A major announcement from the White House with global repercussions. U.S. President Trump said he will not certify Iran’s compliance with the multi-lateral nuclear agreement.
CGTN’s Roee Ruttenberg reports.
But he stepped back from unraveling it altogether – for now. That hasn’t stopped many around the world, and here in the U.S., from criticizing the White House’s decision. CGTN’s Roee Ruttenberg reports on the details.
It was a presidential punt that could hardly be described as a surprise. Donald Trump, the U.S. President, declined on Friday to certify Iranian compliance of a two-year old international agreement meant to curb Tehran’s nuclear development.
“Today, I am announcing our strategy along with several major steps we are taking to confront the Iranian regime’s hostile actions and to ensure that Iran never, and I mean never, acquires a nuclear weapon,” said Trump.
Trump had certified the deal twice before, begrudgingly. As a candidate last year, the self-proclaimed deal expert called it the “worst deal ever.”
“We will not continue down a path whose predictable conclusion is more violence, more terror, and the very real threat of Iran’s nuclear breakout,” he stated.
Leading opposition lawmakers in Washington slammed the announcement as “a grave mistake.” “Threatening this agreement does not isolate Iran. It isolates America,” warned Nancy Pelosi, U.S. House Minority Leader.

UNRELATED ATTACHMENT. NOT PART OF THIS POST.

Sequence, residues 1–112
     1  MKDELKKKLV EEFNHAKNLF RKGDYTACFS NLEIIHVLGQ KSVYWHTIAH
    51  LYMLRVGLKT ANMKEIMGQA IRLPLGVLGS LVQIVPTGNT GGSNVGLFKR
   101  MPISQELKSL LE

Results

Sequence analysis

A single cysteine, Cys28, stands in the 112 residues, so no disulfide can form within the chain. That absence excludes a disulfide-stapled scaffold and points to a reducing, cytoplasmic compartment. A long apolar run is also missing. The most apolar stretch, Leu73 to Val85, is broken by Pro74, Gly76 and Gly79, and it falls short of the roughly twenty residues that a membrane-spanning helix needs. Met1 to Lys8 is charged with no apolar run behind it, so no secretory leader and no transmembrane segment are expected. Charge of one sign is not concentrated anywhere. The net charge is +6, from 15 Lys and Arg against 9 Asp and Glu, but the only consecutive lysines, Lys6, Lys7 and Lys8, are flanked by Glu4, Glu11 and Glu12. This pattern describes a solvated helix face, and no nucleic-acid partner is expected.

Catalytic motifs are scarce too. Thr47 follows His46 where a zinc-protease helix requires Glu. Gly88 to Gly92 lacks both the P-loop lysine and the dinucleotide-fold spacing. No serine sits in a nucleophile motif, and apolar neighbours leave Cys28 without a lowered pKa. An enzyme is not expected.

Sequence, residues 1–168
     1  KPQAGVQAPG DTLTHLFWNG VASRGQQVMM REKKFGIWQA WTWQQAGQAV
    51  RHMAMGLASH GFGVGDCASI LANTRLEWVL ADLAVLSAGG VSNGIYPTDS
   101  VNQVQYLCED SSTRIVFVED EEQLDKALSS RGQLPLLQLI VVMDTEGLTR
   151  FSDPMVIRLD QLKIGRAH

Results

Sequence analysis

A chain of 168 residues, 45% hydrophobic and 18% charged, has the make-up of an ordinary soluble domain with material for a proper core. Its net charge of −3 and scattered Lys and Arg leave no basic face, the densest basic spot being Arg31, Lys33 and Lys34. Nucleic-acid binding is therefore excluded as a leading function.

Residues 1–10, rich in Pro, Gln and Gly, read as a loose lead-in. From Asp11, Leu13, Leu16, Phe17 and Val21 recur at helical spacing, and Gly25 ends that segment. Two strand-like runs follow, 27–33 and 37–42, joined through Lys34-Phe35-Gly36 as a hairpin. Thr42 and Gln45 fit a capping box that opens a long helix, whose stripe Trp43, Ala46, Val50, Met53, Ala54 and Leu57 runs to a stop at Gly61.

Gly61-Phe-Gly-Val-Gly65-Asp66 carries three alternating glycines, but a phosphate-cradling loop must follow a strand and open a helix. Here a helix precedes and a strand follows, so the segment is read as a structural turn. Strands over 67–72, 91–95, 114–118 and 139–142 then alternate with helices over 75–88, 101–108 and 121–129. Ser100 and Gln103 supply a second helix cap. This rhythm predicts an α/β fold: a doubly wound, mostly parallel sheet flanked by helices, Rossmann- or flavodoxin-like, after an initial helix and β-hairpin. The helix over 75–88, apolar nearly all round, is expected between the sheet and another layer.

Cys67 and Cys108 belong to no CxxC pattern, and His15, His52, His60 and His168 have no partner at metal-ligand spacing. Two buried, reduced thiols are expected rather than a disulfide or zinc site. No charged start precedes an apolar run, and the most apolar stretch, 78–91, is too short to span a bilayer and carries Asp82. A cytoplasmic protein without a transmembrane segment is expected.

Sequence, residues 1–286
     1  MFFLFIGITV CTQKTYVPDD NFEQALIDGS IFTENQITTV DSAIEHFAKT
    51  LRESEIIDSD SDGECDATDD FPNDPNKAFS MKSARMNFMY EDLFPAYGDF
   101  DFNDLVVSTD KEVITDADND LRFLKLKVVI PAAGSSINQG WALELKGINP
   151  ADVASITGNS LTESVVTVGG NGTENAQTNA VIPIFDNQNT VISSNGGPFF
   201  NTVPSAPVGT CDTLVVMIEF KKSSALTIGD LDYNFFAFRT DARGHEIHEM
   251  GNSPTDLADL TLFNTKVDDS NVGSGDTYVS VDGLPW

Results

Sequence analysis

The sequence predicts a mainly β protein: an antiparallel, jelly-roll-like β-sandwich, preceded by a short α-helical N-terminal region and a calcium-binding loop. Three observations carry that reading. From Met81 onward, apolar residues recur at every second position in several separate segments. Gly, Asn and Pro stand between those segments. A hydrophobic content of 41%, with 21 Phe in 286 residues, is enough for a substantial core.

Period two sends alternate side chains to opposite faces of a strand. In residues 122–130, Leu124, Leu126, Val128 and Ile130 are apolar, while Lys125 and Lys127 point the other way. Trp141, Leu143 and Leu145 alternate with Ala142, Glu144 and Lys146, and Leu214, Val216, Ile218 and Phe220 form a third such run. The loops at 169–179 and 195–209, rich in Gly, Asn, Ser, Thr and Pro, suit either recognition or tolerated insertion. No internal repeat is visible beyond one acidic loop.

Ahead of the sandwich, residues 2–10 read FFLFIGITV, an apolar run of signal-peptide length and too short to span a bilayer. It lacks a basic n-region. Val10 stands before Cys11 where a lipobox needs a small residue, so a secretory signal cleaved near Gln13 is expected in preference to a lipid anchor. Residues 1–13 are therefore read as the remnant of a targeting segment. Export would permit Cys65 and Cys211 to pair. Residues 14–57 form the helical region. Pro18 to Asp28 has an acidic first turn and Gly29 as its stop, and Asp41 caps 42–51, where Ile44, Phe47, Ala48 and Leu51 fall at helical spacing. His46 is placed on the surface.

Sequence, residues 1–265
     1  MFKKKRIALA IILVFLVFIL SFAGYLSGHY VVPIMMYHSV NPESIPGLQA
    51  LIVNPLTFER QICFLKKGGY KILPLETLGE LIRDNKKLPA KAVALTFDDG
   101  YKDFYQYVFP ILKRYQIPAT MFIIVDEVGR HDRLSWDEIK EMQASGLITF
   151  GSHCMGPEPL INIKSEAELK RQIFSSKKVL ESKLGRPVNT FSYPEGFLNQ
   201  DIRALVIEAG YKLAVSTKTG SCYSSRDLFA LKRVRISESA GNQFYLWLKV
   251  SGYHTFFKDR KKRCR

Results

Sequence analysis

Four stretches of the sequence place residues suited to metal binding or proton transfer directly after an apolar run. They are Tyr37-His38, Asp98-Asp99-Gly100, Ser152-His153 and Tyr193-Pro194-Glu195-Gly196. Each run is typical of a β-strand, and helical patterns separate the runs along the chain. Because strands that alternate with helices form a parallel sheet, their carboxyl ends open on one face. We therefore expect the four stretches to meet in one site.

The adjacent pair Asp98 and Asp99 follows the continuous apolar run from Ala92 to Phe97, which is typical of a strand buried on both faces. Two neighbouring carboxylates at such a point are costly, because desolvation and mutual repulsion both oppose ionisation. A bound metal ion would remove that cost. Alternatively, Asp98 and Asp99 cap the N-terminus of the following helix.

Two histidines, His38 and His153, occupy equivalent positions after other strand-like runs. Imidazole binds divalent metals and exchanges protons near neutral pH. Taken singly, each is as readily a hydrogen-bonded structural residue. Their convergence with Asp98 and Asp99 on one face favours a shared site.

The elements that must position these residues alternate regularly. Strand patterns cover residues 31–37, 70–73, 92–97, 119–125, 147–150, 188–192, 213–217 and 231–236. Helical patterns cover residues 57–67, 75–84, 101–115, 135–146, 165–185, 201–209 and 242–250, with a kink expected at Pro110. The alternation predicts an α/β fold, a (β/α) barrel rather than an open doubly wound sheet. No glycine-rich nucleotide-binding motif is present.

The certification is not part of the internationally-backed Iran deal, but rather a domestic fail-safe mechanism; a mandate from the U.S. Congress requiring presidential sign-off every 90 days. Introduced by skeptic lawmakers, it also requires the president to consider changing U.S. national security interests in the wake of suspended sanctions.
Congress now has 60 days to decide to re-impose those sanctions, unilaterally or, perhaps, to introduce new ones. It could also do nothing, leaving the deal as is.
Still, Iranian President Hassan Rouhani dismissed Friday’s announcement and said that the deal was stronger than Trump may have imagined.
“As long as our interests are in the deal. As long as the interests of the country require IT, And as long as our country benefits from the deal, We respect this agreement, Within the framework of national interests,” explained Rouhani.
Trump had already indicated he would pull the U.S. out of the agreement all-together if the Congress punts it back to him. It’s a move that critics warn could ultimately hasten a nuclear-armed Iran.